Ground insulation completed on first module
The team at General Atomics in Poway, California (US), achieved an important milestone for the ITER central solenoid: completion of ground insulation for the first of seven production modules. The massive central solenoid, known as the heartbeat of ITER, will initiate and drive plasma current in the ITER vacuum vessel.
Central solenoid | Ground insulation completed on first module
Ground insulation ensures that each module is isolated from a potential fault of up to 30,000 volts from other systems and components in the ITER cryostat.
Ground insulation is the seventh of ten steps in the production process of a central solenoid module. Part of US commitments to ITER, fabrication of the central solenoid is underway at a dedicated General Atomics facility in Poway, California.
"Completion of insulation is an important milestone in fabricating the first central solenoid module," said John Smith, program manager for ITER central solenoid production at General Atomics. "The complexity of the operations presented unique challenges, but the team was able to draw from previous experience and know-how to develop successful solutions."
Ground insulation is the seventh of ten steps in the module production process. Ground insulation consists of 18 layers of fiberglass, six layers of Kapton sheets totalling over 2,300 square metres, and a ground plane, which provides a ground potential surface on the outside of the coil. The fiberglass sheet insulation around the coil was precisely placed to within several millimetres' tolerance. The ground insulation was also tightly fit around complex coil features such as the helium inlets and coil leads.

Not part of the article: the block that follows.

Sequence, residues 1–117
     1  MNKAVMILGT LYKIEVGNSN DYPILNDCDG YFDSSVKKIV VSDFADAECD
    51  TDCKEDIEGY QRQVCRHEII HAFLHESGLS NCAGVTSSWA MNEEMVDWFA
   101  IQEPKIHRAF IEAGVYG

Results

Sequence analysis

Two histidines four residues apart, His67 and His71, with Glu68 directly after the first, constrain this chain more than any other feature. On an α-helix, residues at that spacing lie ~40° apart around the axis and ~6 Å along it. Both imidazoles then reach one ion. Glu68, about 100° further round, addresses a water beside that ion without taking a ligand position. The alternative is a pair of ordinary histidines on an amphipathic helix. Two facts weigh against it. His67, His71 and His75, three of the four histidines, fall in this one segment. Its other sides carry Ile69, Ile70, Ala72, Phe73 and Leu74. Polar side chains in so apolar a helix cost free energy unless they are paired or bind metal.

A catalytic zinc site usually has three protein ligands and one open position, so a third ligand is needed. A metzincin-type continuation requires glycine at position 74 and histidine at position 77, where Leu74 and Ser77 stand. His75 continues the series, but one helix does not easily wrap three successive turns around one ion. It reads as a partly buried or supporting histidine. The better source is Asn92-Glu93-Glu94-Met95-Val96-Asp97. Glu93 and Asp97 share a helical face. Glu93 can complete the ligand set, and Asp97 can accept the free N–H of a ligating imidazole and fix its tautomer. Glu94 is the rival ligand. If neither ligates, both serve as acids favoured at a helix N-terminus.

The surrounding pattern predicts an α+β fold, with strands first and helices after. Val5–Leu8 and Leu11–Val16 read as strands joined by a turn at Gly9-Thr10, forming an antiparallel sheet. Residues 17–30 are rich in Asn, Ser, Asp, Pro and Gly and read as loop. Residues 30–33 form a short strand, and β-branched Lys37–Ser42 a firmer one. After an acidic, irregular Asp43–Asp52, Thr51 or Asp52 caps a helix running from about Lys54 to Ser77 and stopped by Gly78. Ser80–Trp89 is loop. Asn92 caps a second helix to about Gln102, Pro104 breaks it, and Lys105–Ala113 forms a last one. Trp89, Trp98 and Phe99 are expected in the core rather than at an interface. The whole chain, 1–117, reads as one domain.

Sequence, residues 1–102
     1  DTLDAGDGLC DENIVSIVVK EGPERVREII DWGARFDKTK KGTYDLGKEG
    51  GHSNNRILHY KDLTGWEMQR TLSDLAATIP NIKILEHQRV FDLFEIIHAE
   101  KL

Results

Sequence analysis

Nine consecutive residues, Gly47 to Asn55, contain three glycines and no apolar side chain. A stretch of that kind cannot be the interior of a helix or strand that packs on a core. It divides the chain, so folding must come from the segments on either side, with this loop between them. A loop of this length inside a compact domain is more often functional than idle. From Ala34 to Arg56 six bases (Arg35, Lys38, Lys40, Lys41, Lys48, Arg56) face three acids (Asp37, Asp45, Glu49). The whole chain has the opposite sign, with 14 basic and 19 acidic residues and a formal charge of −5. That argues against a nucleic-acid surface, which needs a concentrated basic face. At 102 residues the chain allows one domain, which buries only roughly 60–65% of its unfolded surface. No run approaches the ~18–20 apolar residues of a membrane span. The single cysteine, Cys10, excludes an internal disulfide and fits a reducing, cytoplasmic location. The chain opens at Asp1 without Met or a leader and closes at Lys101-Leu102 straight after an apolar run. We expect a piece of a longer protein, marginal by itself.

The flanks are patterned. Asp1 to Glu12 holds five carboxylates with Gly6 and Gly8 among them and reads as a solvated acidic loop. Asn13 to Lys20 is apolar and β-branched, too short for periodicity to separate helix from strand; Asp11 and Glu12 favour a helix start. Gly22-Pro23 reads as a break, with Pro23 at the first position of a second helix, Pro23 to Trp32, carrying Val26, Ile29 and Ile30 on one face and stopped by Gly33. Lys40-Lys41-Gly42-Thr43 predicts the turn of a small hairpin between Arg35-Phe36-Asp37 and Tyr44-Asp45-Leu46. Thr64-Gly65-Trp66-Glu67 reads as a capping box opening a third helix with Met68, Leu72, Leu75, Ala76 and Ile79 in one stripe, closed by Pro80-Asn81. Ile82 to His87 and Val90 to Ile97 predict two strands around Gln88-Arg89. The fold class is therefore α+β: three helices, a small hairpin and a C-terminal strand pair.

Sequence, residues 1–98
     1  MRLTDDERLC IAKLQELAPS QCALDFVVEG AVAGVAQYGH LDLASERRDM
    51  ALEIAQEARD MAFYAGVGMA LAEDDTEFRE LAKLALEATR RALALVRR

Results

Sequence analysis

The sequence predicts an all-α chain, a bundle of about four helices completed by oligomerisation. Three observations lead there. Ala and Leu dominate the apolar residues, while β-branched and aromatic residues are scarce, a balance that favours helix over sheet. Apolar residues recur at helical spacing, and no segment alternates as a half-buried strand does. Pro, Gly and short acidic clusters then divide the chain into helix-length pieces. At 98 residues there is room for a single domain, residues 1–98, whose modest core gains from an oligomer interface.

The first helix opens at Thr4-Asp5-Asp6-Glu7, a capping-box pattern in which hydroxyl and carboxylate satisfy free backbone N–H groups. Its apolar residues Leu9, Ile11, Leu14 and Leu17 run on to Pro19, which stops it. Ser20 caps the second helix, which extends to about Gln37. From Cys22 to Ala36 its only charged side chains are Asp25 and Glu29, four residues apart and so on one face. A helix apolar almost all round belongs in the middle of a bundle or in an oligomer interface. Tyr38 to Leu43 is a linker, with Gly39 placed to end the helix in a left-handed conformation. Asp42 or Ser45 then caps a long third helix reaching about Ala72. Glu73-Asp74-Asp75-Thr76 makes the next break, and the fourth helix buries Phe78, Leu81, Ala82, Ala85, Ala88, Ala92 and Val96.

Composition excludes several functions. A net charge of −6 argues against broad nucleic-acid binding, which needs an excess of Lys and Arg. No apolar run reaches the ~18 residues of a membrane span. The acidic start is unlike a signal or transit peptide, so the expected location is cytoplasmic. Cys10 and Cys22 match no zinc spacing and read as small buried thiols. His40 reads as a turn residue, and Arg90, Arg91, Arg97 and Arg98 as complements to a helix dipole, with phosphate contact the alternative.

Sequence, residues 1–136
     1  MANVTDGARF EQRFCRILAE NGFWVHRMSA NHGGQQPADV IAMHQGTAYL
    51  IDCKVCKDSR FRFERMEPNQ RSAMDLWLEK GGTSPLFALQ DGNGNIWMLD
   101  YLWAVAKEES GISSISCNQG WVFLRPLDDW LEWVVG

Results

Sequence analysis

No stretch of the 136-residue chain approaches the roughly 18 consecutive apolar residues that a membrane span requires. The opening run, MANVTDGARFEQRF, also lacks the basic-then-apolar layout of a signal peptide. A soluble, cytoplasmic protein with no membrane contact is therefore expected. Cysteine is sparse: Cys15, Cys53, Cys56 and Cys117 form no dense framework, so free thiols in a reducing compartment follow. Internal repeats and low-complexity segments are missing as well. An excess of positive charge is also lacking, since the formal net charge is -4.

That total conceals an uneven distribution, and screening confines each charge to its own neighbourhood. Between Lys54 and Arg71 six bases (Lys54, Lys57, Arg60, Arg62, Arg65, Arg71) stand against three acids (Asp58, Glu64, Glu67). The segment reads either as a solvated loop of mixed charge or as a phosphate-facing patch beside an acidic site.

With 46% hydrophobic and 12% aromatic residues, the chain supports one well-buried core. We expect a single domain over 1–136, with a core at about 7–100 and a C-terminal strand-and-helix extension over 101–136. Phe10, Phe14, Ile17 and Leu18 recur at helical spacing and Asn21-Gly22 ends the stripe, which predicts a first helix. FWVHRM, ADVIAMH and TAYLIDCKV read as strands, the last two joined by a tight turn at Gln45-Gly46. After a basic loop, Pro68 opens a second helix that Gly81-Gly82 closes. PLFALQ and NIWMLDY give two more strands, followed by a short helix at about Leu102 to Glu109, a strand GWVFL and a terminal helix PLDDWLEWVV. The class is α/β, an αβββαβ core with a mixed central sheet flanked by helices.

The first module has now moved on to the vacuum pressure impregnation station where 3,000 litres of resin will be injected to encapsulate the module for further insulation and module stability. After helium piping is connected, the module will move on to final testing and is expected to be completed in 2019.
The ITER central solenoid will consist of six stacked modules, and will stand nearly 18 metres tall and weigh more than 900 tonnes. When completed, it will be the largest pulsed superconducting magnet in the world and will drive 15 million amperes of electrical current to ITER's plasma.
See the full report on the website of General Atomics.
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